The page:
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Gearing up for that big job interview? Yes? That’s great! Preparation is key when it comes to succeeding at job interviews, or anything for that matter. Do as much research as you can about the job you’re applying for, the company you’re applying to and a bit of introspection about yourself. Crammers never get far on the hot seat, at least when it comes to sounding sincere and natural. While you’re preparing, have a look at the tips listed below, straight from the mouths – or pens in this case – of prominent career coaches on how best to answer some tough interview questions that can come up:   1. Tell me about yourself: This question seems so simple, and yet, so many people find themselves tongue-tied on it if not fully prepared. How much information is too much, for example? Should I list out all my accomplishments, every single one? Should this interviewer know about my amazing stamp collection? Here’s career coach, Melanie Szlucha’s response as cited in
Think of your response as a movie preview. The movie preview always relates to the movie you’re about to see. You never see a movie preview for an animated flick when you’re there to see a slasher movie. So the ‘tell me about yourself’ answer needs to directly fit the concerns of your prospective employer.  
2. What are your strengths? See this question as a means of showcasing your skills, education and experience. In fact, you must find a way to get them in the interview even if it’s not asked. How else would the employer know you’re the best person for the job? According to The Muse, a credible source of job advice:
The worst response I’ve ever heard was a full minute-long diatribe during which the interviewee proceeded to list a string of positive attributes (outgoing, detail-oriented, hardworking, independent, friendly, easy-going, you name it) and just kept going. One of the adjectives chosen was actually ‘humble.’ I was speechless.
Try this instead:
Choose one to three attributes you want to mention (depending on whether the question asks for one strength or multiple) and cap it there. You’ll want to think strategically about what skills will position you as qualified for the job and a good fit for the company.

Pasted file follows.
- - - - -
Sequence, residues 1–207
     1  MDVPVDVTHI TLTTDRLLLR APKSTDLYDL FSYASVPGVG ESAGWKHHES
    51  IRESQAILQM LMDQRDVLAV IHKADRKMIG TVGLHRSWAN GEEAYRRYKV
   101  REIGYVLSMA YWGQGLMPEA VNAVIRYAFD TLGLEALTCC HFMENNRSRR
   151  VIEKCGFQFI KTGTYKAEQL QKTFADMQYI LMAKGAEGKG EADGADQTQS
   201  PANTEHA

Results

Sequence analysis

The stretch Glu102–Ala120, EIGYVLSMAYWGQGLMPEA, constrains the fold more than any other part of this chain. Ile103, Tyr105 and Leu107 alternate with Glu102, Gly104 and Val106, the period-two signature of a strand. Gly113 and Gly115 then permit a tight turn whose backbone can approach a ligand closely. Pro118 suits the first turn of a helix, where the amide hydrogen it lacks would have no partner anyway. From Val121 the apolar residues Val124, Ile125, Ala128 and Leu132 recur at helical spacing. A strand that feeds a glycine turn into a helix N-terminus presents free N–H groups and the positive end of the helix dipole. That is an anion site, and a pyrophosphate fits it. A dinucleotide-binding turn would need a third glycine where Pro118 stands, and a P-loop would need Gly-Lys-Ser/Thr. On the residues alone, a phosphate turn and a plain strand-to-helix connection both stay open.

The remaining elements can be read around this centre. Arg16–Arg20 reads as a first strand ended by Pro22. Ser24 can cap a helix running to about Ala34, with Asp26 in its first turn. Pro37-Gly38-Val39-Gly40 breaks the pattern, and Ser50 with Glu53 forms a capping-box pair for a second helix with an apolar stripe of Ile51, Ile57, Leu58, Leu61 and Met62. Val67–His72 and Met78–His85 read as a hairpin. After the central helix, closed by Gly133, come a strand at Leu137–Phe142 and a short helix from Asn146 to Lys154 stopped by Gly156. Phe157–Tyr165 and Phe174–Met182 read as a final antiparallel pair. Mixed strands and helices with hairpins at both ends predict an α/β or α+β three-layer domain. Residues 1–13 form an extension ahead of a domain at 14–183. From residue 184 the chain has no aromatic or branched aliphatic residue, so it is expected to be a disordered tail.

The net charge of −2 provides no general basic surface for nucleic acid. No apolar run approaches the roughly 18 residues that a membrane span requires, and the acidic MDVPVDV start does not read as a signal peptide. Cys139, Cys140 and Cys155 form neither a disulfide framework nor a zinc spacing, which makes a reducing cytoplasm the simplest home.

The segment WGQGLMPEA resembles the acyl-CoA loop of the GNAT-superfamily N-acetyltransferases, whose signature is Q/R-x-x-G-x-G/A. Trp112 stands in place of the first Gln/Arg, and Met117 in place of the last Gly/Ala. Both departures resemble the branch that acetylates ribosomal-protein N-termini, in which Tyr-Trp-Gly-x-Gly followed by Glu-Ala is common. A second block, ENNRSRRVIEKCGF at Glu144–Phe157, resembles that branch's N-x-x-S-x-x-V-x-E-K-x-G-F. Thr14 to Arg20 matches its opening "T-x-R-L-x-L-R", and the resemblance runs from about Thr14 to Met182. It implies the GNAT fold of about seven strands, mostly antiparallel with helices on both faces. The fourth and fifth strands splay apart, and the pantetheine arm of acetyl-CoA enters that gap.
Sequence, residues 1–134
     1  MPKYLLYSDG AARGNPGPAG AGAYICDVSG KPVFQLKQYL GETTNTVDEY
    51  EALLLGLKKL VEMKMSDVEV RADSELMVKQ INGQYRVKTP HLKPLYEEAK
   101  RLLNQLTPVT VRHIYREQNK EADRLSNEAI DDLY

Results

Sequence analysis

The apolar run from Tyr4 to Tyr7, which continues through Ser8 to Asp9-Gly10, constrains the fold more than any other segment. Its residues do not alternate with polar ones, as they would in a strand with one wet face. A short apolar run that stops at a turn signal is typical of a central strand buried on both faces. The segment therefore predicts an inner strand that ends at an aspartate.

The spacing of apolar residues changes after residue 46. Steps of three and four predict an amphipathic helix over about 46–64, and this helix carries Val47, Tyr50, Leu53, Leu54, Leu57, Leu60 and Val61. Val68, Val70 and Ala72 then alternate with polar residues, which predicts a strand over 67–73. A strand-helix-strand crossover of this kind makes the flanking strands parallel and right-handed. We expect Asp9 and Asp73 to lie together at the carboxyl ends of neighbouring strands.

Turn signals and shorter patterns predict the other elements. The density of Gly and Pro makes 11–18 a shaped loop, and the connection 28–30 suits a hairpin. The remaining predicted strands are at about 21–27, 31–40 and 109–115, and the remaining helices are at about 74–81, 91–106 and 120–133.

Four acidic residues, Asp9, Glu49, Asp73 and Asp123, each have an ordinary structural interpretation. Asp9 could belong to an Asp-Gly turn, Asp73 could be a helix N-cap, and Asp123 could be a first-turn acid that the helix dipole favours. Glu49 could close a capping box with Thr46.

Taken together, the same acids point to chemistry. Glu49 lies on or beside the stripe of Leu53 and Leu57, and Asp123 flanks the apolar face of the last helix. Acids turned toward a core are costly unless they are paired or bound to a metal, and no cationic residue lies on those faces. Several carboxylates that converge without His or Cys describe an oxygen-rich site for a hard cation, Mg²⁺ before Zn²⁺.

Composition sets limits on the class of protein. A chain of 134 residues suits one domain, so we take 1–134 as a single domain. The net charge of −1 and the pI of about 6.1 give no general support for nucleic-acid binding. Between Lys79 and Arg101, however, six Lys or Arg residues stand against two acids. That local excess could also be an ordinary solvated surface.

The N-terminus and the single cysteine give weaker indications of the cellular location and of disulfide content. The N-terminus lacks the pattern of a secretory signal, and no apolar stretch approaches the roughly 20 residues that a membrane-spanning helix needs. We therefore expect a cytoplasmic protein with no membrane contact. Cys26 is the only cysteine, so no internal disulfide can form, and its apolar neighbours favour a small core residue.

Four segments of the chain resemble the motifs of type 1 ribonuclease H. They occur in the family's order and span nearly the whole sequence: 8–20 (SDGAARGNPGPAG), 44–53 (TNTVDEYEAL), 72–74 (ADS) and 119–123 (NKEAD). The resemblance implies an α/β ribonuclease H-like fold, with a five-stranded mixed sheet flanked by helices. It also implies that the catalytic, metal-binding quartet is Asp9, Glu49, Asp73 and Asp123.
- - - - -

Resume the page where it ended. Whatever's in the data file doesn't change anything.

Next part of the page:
3. What are your weaknesses? Being honest is good, but is there such a thing as too honest? Admitting our weaknesses to employers can certainly be daunting. Here’s what Alan Henry of Lifehacker thinks:
If you catch yourself about to spin a positive into something that could appear negative just to get through the question without looking like you actually have any weaknesses e.g. ‘I’m a perfectionist’ or ‘I work too hard’ –  you’ve probably revealed your real issue then and there which is a lack of clarity, honesty, and capacity for self-introspection. In reality, the ‘your greatest weakness’ question is a place for you to show where you can — and would like to — grow once you land the position. Obviously you shouldn’t go to an interview and say your greatest weakness is something that’s core to the job you’re applying for.  
4. How much would you like to earn? The wrong answer to this can have you known as that guy who asked for the security guard or Deputy MD’s salary level. Career adviser and Forbes contributor, Lisa Quast gives these three tips:
1. Arm yourself with knowledge of the average salary range for your desired job/position. Your answer would then start with “Based on my research…” 2. Deflect the question if asked too early in the interview 3.Discuss the salary range with the HR manager before the interview.  
5. How do you handle stress and pressure? Even the best of us can get stressed in the workplace. Rick Suttle of Demand Media has this to say:
Use one of several responses to adequately answer this question. Say that you are organized and usually plan ahead to meet project deadlines, but also allow extra time for delays or unforeseeable events.
  6. Why did you leave your last job? If you left your old job because your boss or colleague wasn’t the best person to work with, this question can be a bit tricky to answer honestly. Fortunately, career coach, Ronnie Ann gives this piece of advice:
No matter what really happened, never talk trash about a former employer. A new employer will assume that you’ll do the same to them one day. So frame your answer in a way that shows you did well there (have examples prepared if at all possible) and got along well with coworkers. But for the reason(s) you select it’s now time to move on.  
7. Why is there a gap in your job history? Telling your potential employer that it took you three years to get a job can unconsciously reduce your worth or value in their eyes. Bronwen Hann, a Boutique Procurement & Supply Chain Recruiter and Thought Leader gives this simple tip:
Emphasize any activities you undertook during the gap to improve your professional standing. E.g. certificate courses, consulting/freelance work, volunteering, personal project, etc.    
All the best at your interview!

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This article was first published on 22nd July 2015


Ify Halim is a Writer and media enthusiast based in Lagos. She enjoys writing self-help/inspirational articles with published work in UYD Magazine, Edufrica, Our Stories Inc. and The Keele Concourse. She currently works at, Nigeria’s Information Portal. Follow her on Twitter @MissHalim or visit her online space at

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